respondents reported hourly rates ranging from US $35 to $250, with
an average of $97.80. Individual responses to this year's survey will
be kept confidential, and final results will be posted on the
IEEE-USA Web site.
 
To complete the 17-question survey, visit
<http://www.ieeeusa.org/business/consultants/directory/2002feesurvey.htm
l>
 
*IEEE-USA TODAY* September 2002
1. IEEE-USA PRESIDENT'S COLUMN: HELPING THE UNEMPLOYED MEMBER
 
LeEarl A. Bryant outlines various IEEE-USA initiatives aimed at lowering
engineering unemployment, including a one-stop website for addressing all
of the organization's employment resources.
 
Read the IEEE-USA President's Column at
http://www.ieeeusa.org/newspubs/presidentscolumn/bryantsep02.html.
 
Go to the one-stop website for employment at
http://www.ieeeusa.org/careers/help/.
 
2. ACTION ALERT: IEEE-USA CALLS ON U.S. IEEE MEMBERS TO ENGAGE LAWMAKERS ON
UNEMPLOYMENT
 
In response to rising engineering unemployment, IEEE-USA is calling on U.S.
IEEE members to write their U.S. Representatives and Senators in order to
educate them on how unemployment affects engineers, and to urge lawmakers
to take action.
 
Go to the Legislative Action Center and make your voice heard at
http://capwiz.com/ieeeusa/issues/alert/?alertid=435666&type=CO.
 
3. IEEE-USA SEEKS SAFEGUARDS AGAINST MISUSE OF HEALTH INFORMATION
 
IEEE-USA supports introducing additional safeguards into currently drafted
legislation or tightening current U.S. Department of Health and Human
Services privacy regulations to protect against the misuse of genetic and
other health information by employers.
 
Go to the news release at http://ieeeusa.org/releases/2002/082602pr.html.
 
4. SEPT. EDITION OF *IEEE-USA TODAY'S ENGINEER* WEBZINE SPANS
ENTREPRENEURSHIP TO BROADBAND
 
Additional articles cover "Setting Yourself Apart With Soft Skills,"
"Successful *Paid* Consulting," and "Biotechnology: The Key to Sustainable
Global Development."
 
Go to the latest Sept. issue at http://www.todaysengineer.org.
 
5. U.S. IEEE STUDENT MEMBER CONCLUDES MASS MEDIA FELLOWSHIP
 
U.S. IEEE member Rob Barnett, a graduate student studying electrical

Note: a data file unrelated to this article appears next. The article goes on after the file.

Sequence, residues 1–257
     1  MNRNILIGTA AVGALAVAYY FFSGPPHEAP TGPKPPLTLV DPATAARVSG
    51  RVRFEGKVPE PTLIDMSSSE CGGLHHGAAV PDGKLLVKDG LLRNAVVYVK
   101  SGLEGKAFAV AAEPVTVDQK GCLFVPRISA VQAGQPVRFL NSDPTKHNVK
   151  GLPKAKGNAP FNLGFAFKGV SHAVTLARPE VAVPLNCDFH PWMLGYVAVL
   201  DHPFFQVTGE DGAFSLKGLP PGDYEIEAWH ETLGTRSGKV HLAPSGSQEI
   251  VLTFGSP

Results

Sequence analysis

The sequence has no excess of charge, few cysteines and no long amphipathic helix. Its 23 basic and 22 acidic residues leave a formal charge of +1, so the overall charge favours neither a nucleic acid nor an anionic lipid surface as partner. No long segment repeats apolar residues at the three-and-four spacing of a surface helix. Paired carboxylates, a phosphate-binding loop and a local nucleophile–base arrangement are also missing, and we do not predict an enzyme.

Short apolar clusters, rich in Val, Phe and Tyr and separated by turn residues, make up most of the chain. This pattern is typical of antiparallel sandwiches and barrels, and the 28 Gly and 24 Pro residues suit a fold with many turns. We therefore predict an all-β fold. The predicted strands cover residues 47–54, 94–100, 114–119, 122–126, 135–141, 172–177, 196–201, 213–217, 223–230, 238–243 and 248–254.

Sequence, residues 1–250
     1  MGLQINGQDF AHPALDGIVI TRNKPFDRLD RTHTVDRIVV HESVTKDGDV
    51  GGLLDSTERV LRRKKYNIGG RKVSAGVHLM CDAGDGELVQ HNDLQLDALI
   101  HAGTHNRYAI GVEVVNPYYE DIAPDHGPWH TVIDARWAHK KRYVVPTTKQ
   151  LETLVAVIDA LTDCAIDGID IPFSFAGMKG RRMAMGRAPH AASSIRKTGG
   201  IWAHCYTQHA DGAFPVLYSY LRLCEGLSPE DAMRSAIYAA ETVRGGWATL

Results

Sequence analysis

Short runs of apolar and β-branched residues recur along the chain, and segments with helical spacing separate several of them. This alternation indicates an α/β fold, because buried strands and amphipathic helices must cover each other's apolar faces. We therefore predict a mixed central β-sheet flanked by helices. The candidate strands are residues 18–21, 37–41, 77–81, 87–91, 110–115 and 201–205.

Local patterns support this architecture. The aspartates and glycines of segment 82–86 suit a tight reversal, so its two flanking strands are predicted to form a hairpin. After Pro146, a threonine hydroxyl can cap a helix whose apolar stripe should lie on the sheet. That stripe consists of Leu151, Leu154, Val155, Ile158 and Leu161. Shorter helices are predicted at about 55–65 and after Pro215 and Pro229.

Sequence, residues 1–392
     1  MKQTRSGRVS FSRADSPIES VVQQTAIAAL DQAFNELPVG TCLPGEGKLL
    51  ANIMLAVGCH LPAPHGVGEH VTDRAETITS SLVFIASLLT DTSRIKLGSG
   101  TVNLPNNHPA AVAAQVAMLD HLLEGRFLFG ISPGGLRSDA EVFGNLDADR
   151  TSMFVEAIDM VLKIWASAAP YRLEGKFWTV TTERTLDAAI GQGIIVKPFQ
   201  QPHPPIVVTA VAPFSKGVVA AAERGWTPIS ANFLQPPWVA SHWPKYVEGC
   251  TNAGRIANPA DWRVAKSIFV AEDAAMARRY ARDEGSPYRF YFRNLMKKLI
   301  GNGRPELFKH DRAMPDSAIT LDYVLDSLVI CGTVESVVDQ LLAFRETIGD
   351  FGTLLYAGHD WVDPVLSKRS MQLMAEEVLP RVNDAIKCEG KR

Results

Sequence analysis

engineering at Clemson University, concluded his 10-week media fellowship
assignment this summer at *Popular Science* with a presentation at the
American Association for the Advancement of Science in Washington, D.C.
 
Go to the news release at http://ieeeusa.org/releases/2002/090402pr.html.
 
6. 'IEEE-USA IN THE NEWS' SPOTLIGHTS CAREER/POLICY MEDIA COVERAGE
 
Every week, issues IEEE-USA champions for U.S. IEEE members are covered in
newspapers, magazines and electronic media worldwide.
 
For the latest IEEE-USA coverage in *ComputerWorld*, Cox Newspapers and
*The Minneapolis Star Tribune*, go to
http://ieeeusa.org/newspubs/inthenews.html.
 
*EXTRA*: 'VOICES OF INNOVATION'--IEEE MEMBERS NEEDED FOR RADIO PROGRAM ON
ENGINEERING WONDERS
 
VOICES OF INNOVATION, two-minute spots featuring engineers talking about
their innovations, careers and work, are now being aired on local public
and commercial radio stations. If you have an idea that could help improve
the public's understanding and awareness of engineering, your story could
join this exciting new program. To listen to the spots currently being
aired and to participate in the American Association of Engineering
Societies-sponsored project, go to http://www.voicesofinnovation.org.
 
 
President's Column, September 2002
 
Helping the Unemployed Member
 
Are you unemployed? Afraid you might be in the near future? Trying to
encourage and assist those who are? If so, you might think that IEEE-USA
and the rest of the IEEE have really not shown much activity toward
assisting our members. No matter how much we've done, we can never do
enough. Enough would include forecasts of engineering employment downturns
and the industries affected, forecasts of skills that will remain in demand
during expected downturns, and effective policy actions that will smooth
the ups and downs of engineering employment, and not inflate the
engineering workforce to the point of employment risks for those in the
profession.
 
Doing enough would also mean that IEEE-USA, other engineering
organizations, employers, and educators would work as a team to identify
available cost-effective training programs on subjects that the employers
will accept as meeting their present and near-term needs for engineers and
computer scientists. If we were doing enough, we would also have an